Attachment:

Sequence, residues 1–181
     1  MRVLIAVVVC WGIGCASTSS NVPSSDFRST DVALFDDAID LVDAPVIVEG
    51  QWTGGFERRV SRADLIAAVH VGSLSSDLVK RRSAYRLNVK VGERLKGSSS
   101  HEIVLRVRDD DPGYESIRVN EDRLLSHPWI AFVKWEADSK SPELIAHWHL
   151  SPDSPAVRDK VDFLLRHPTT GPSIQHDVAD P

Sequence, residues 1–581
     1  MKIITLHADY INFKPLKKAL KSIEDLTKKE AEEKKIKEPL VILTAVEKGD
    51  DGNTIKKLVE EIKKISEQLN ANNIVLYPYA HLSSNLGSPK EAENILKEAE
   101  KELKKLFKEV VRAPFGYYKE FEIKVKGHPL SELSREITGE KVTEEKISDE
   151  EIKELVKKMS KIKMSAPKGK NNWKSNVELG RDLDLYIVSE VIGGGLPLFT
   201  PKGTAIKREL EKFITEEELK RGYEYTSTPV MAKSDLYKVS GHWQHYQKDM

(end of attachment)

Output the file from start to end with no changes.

Sequence, residues 1–181
     1  MRVLIAVVVC WGIGCASTSS NVPSSDFRST DVALFDDAID LVDAPVIVEG
    51  QWTGGFERRV SRADLIAAVH VGSLSSDLVK RRSAYRLNVK VGERLKGSSS
   101  HEIVLRVRDD DPGYESIRVN EDRLLSHPWI AFVKWEADSK SPELIAHWHL
   151  SPDSPAVRDK VDFLLRHPTT GPSIQHDVAD P

Sequence, residues 1–581
     1  MKIITLHADY INFKPLKKAL KSIEDLTKKE AEEKKIKEPL VILTAVEKGD
    51  DGNTIKKLVE EIKKISEQLN ANNIVLYPYA HLSSNLGSPK EAENILKEAE
   101  KELKKLFKEV VRAPFGYYKE FEIKVKGHPL SELSREITGE KVTEEKISDE
   151  EIKELVKKMS KIKMSAPKGK NNWKSNVELG RDLDLYIVSE VIGGGLPLFT
   201  PKGTAIKREL EKFITEEELK RGYEYTSTPV MAKSDLYKVS GHWQHYQKDM